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Tri-Bio Laboratories Inc. v. United States

submitted: August 19, 1987.


Appeal from the United States District Court for the Middle District of Pennsylvania, D.C. Civil No. 86-0083.

Gibbons, Chief Judge, and Weis, Circuit Judge, and Kelly,*fn* District Judge.

Author: Weis


Weis, Circuit Judge.

A pharmaceutical manufacturer filed for Food and Drug Administration approval of a generic animal drug, incorporating in its application the research and testing data submitted by another manufacturer that earlier had obtained approval to market the predecessor brand name drug. Because of its policy treating such data as proprietary and confidential, the FDA refused to consider the previously filed material. The district court sustained the agency action and entered summary judgment against the generic manufacturer. We will affirm.

Plaintiff manufactures Gentaject, a veterinary pharmaceutical product recommended for use in one day old chicks to prevent early mortality caused by three species of bacteria.*fn1 Gentaject, a generic drug,*fn2 contains the same ingredients as a previously approved product manufactured by the Schering Corporation of Kenilworth, New Jersey and currently marketed under the brand name "Garasol."

Garasol was patented in 1963 and approved for commercial distribution by the FDA in 1978. The patent expired in 1980. A year later, plaintiff sought FDA approval to market its generic copy of Garasol under the brand name Gentaject. As required by statute the FDA regulations, plaintiff filed a new animal drug application (NADA) to demonstrate that its product was safe and effective for its intended use. However, instead of including the extensive test data ordinarily required in new applications, the plaintiff's application merely referred the FDA to Schering's test data in support of the original Garasol application. Because of the plaintiff's failure to submit original safety and effectiveness data, the FDA rejected the application as incomplete.

In October 1982 plaintiff renewed its request for FDA approval, asserting that Gentaject was not a "new drug" requiring the usual panoply of testing. Plaintiff equated its request to a remarketing of a previously FDA-approved drug (Garasol) under a new label (Gentaject). Plaintiff contended that Gentaject, as the bioequivalent*fn3 of Garasol, in essence already had received FDA approval. But the FDA reaffirmed its denial of the plaintiff's request, citing longstanding agency policy that all new animal drug applications "must stand or fall on the basis of the submitted data."

After some preliminary, inconclusive legal skirmishing, plaintiff agreed to file a citizen's petition*fn4 with the FDA, requesting the agency to declare that Gentaject was not a new animal drug and, thus, did not require a full application. In the petition plaintiff asserted that Gentaject was not a "new drug" within the meaning of the Food, Drug and Cosmetic Act, 21 U.S.C. § 360b(a)(1), because the drug formulation -- marketed under the Garasol label -- was generally recognized as safe and effective for its intended use by experts qualified to make such judgments.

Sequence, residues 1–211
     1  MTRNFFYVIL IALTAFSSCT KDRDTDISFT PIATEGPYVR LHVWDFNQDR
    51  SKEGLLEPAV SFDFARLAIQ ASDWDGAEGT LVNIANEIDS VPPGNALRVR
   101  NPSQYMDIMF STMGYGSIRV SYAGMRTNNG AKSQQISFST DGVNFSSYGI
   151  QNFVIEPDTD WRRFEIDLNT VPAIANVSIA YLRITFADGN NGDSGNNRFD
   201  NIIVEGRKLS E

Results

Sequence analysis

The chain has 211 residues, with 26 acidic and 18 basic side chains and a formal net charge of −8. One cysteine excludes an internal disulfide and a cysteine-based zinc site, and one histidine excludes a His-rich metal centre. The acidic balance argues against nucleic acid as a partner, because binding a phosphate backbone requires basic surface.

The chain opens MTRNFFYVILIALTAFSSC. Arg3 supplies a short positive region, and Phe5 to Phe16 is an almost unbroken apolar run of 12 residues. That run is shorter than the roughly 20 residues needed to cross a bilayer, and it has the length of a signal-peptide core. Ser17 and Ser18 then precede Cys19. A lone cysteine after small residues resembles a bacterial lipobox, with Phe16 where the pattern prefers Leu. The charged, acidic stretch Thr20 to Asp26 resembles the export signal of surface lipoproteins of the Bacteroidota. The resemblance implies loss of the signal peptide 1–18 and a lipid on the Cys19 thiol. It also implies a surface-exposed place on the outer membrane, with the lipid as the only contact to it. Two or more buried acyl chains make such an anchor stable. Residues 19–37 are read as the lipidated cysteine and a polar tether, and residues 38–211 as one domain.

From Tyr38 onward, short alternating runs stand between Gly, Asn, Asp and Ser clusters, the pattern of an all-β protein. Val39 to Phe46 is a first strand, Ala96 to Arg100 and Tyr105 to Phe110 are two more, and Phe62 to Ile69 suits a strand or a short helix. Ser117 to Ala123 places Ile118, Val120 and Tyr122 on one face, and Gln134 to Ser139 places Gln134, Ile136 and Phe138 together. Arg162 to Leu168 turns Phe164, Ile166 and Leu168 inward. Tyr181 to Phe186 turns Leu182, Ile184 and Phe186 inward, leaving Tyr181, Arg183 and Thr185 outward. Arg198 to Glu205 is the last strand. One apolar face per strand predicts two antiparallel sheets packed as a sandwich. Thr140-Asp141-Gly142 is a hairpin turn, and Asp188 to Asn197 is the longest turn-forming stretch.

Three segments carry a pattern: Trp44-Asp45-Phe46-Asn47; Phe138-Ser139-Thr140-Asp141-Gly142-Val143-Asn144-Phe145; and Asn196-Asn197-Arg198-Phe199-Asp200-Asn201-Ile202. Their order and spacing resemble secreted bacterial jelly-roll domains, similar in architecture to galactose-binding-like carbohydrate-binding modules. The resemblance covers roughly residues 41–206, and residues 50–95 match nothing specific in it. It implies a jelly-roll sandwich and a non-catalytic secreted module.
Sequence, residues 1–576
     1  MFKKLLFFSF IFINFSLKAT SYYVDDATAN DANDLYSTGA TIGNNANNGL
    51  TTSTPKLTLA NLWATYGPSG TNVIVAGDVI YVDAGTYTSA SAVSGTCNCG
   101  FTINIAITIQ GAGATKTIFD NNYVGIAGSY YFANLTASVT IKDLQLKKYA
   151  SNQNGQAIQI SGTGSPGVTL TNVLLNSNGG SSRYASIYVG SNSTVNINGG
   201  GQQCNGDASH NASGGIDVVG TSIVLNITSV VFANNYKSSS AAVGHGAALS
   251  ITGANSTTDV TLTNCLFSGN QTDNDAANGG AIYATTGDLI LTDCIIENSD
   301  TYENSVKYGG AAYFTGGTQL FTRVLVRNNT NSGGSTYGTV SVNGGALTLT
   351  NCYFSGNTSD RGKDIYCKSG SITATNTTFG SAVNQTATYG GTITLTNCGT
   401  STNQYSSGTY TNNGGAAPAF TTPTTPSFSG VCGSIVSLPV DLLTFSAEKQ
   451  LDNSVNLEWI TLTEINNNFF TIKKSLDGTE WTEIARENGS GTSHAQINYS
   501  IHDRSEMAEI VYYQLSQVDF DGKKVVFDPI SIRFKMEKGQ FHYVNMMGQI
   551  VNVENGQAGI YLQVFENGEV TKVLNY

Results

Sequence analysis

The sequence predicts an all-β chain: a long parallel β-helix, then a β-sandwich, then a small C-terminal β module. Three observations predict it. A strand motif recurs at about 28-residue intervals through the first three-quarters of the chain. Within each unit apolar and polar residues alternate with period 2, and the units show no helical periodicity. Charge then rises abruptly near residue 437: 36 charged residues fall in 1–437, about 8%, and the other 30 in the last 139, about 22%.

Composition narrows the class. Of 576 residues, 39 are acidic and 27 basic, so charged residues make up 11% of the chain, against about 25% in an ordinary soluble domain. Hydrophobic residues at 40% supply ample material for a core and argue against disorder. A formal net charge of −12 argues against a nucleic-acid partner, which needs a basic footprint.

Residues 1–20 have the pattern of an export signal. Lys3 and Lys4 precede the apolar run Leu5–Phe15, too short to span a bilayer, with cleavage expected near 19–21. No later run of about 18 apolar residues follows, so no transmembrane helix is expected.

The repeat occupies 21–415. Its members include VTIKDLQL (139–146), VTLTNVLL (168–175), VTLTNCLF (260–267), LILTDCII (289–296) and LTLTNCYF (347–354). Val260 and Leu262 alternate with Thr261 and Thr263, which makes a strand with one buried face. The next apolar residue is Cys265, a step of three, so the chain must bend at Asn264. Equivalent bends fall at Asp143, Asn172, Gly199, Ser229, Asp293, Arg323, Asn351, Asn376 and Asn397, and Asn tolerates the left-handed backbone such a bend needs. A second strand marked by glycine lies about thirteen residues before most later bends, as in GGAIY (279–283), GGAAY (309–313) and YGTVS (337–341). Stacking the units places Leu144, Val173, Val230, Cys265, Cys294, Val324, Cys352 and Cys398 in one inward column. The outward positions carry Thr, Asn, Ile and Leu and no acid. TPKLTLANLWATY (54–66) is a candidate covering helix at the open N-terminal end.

The Commissioner denied the citizen's petition. The agency concluded that Gentaject was a new animal drug within the meaning of the Act and that it had not become generally recognized as safe and effective.

Plaintiff then brought this action, asking the district court to declare that Gentaject was not a new drug, to direct the FDA to approve its application by incorporating Schering's data, or to reconsider the citizen's petition using the data previously submitted by Schering. Alternatively, plaintiff urged that the FDA approve Gentaject based on agency in-house research -- conducted in defense of the litigation -- through which it had found Gentaject in fact safe and effective for its intended use. The parties filed cross-motions for summary judgment.

The district court granted the FDA's motion and entered judgment against plaintiff. The court concluded that the FDA properly interpreted its statutory authority in formulating the policy of rejecting applicants which depended on data submitted by previous applicants. The court further determined that the FDA's rejection of the citizen's petition was not arbitrary, capricious, an abuse of discretion, or otherwise no in accordance with law.

On appeal plaintiff argues that the FDA's approach is unreasonable because it compels expensive and indefensible duplicative testing of drugs already approved for commercial marketing. Plaintiff also asserts that the FDA did not adequately analyze all the submitted evidence, a review which plaintiff contends would have revealed that Gentaject was not a "new drug". In the absence of a proper factual hearing by the agency, plaintiff maintains that the district court should have examined the issue de novo.

The FDA responds that plaintiff failed to present the requisite safety and effectiveness data for its product and that, without such evidence, the Food, Drug and Cosmetic Act mandates rejection of the plaintiff's application.


The federal government began premarketing regulation of pharmaceuticals with the Food, Drug, and Cosmetic Act of 1938, Pub. L. No. 75-717, 52 Stat. 1040 (1938) (codified as amended at 21 U.S.C. § § 301-92). After passage of the 1938 Act, FDA approval was necessary before marketing any drug not generally recognized as safe by the scientific community. The Act assumes that a new drug is adulterated and ...

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